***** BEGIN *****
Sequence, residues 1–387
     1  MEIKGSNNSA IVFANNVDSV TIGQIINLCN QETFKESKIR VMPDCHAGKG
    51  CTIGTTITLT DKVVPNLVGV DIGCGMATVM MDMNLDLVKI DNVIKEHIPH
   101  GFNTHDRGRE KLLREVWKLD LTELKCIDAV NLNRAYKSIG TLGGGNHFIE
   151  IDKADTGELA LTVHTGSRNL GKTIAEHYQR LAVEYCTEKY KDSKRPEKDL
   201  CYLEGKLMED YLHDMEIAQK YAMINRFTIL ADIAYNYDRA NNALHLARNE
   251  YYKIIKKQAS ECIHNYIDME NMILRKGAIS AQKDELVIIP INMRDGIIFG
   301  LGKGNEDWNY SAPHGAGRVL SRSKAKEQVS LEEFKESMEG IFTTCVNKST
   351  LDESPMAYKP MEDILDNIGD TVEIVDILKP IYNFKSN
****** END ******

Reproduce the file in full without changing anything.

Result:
Sequence, residues 1–387
     1  MEIKGSNNSA IVFANNVDSV TIGQIINLCN QETFKESKIR VMPDCHAGKG
    51  CTIGTTITLT DKVVPNLVGV DIGCGMATVM MDMNLDLVKI DNVIKEHIPH
   101  GFNTHDRGRE KLLREVWKLD LTELKCIDAV NLNRAYKSIG TLGGGNHFIE
   151  IDKADTGELA LTVHTGSRNL GKTIAEHYQR LAVEYCTEKY KDSKRPEKDL
   201  CYLEGKLMED YLHDMEIAQK YAMINRFTIL ADIAYNYDRA NNALHLARNE
   251  YYKIIKKQAS ECIHNYIDME NMILRKGAIS AQKDELVIIP INMRDGIIFG
   301  LGKGNEDWNY SAPHGAGRVL SRSKAKEQVS LEEFKESMEG IFTTCVNKST
   351  LDESPMAYKP MEDILDNIGD TVEIVDILKP IYNFKSN